At Sixes And Sevens

Published Date
01 - Jun - 2007
| Last Updated
01 - Jun - 2007
At Sixes And Sevens
At Sixes And Sevens
Q. Internet Explorer 6 does not open on my computer, even after my trying to reinstall it. I have Windows XP SP2.
Monitesh Thakur

You can install Internet Explorer 7 from our December 2006 CD; IE7 is better than IE6, with features such as tabbed browsing, a phishing filter, and more. But if you must use IE6 for some reason, there are two ways you can repair it. We're mentioning both methods because the first may work while the second may not, or vice-versa.
First, keep your Windows XP CD ready. Then,

Method #1:
Go to Start > Run, type in "sfc /scannow" in the Run dialog box, and click OK. Note that there is a space between "sfc" and "/scannow". Follow the prompts throughout the System File Checker process that ensues. Reboot the computer when it is complete.

Method #2:
Go to Start > Search, and select "All Files and Folders". Select "More Advanced Options" and place a checkmark next to the "Search Hidden Files and Folders" option. Ensure that "Search System Folders" and "Search Subfolders" are also checked. In the "All or Part of the File Name" box, type in "ie.inf ". In the "Look In" drop-down, select C: (or the letter of the drive that contains the Windows folder). Click Search.

In the search results pane, look at the ie.inf file located in the WindowsInf folder. Right-click on this file and select Install from the context menu. Reboot when the file copy process is complete.
Partitions Going Poof!
Q. I have a P IV 3 GHz on an Intel original 915GAV motherboard with Windows XP Pro SP2. I also have an 80 GB SATA hard drive and a DVD-ROM drive. I recently installed a 40 GB IDE hard drive as a primary slave, because there is only one IDE slot. The problem is that the partitions on this drive suddenly disappear from My Computer, and are visible only after I restart the computer.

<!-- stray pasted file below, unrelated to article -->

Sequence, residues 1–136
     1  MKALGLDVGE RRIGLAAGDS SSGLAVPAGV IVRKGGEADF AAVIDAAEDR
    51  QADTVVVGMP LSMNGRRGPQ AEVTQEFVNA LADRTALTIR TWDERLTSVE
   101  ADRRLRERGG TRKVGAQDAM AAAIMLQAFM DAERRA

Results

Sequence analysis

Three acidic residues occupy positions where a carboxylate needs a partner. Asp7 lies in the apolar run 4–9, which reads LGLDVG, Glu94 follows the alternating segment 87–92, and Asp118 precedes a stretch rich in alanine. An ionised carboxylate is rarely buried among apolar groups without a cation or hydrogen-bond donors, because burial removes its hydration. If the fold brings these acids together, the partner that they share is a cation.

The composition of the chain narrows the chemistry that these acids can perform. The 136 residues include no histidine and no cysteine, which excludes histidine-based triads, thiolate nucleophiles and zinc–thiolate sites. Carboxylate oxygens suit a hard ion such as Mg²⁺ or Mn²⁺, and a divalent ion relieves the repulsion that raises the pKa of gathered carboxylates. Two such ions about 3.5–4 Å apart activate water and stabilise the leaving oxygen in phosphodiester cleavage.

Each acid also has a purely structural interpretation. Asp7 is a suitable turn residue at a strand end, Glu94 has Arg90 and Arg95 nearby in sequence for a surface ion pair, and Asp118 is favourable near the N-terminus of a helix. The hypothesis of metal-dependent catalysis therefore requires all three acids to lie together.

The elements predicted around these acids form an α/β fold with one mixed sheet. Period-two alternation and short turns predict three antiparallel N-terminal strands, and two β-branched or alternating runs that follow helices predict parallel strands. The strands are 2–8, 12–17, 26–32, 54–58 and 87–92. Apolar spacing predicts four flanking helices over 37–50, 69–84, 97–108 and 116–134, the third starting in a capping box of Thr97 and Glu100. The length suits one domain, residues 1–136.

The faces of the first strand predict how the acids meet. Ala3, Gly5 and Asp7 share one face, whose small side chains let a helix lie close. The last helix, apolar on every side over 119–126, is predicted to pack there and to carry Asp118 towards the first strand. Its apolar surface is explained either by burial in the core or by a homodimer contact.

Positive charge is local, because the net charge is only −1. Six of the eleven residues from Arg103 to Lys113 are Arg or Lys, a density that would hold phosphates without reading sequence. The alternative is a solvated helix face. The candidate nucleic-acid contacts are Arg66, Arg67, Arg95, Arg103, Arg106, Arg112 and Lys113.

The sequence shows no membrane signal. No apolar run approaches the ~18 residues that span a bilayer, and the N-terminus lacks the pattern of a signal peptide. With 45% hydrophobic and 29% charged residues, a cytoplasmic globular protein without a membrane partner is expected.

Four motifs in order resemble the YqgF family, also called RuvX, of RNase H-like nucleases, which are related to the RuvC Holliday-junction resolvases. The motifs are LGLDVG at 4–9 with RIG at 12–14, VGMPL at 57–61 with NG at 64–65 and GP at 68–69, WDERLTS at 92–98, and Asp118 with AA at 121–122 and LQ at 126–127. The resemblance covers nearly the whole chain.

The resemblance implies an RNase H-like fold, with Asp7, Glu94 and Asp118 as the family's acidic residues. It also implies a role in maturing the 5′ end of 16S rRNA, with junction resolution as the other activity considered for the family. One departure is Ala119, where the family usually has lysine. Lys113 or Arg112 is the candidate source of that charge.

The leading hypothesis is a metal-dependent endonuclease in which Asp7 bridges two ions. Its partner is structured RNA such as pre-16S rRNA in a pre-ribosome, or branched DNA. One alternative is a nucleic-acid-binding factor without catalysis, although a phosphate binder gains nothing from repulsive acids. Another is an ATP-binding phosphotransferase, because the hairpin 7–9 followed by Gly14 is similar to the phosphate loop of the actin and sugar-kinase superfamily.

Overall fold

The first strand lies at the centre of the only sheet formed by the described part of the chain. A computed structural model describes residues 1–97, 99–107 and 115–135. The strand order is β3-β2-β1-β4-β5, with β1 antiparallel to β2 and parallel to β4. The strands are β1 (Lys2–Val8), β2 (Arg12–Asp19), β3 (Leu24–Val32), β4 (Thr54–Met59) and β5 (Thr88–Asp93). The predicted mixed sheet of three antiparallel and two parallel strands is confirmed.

Vivek Dembla
It seems that the power connector of the IDE drive is faulty and needs to be replaced. This is a serious issue and needs to be remedied as soon as possible; it can cause permanent damage to your hard drive.

Of Insomnia And Amnesia
Q. I have a P IV 2.66 GHz on an Intel original motherboard (D101GGC), with 512 MB of RAM and Windows XP Pro SP2. When I open the Power Options in the Control Panel, I see the Hibernate option greyed out.

Also, when I run Grand Theft Auto: Vice City, I get an error message: "Grand Theft Auto VC: not enough memory."
Harpreet Singh

It is clear that the drive where your Windows paging file and hibernate file exists does not have enough free space, and that you are therefore low on virtual memory, which is required by most applications to run properly. Free up space on this drive by deleting unnecessary files and/or moving data to another partition.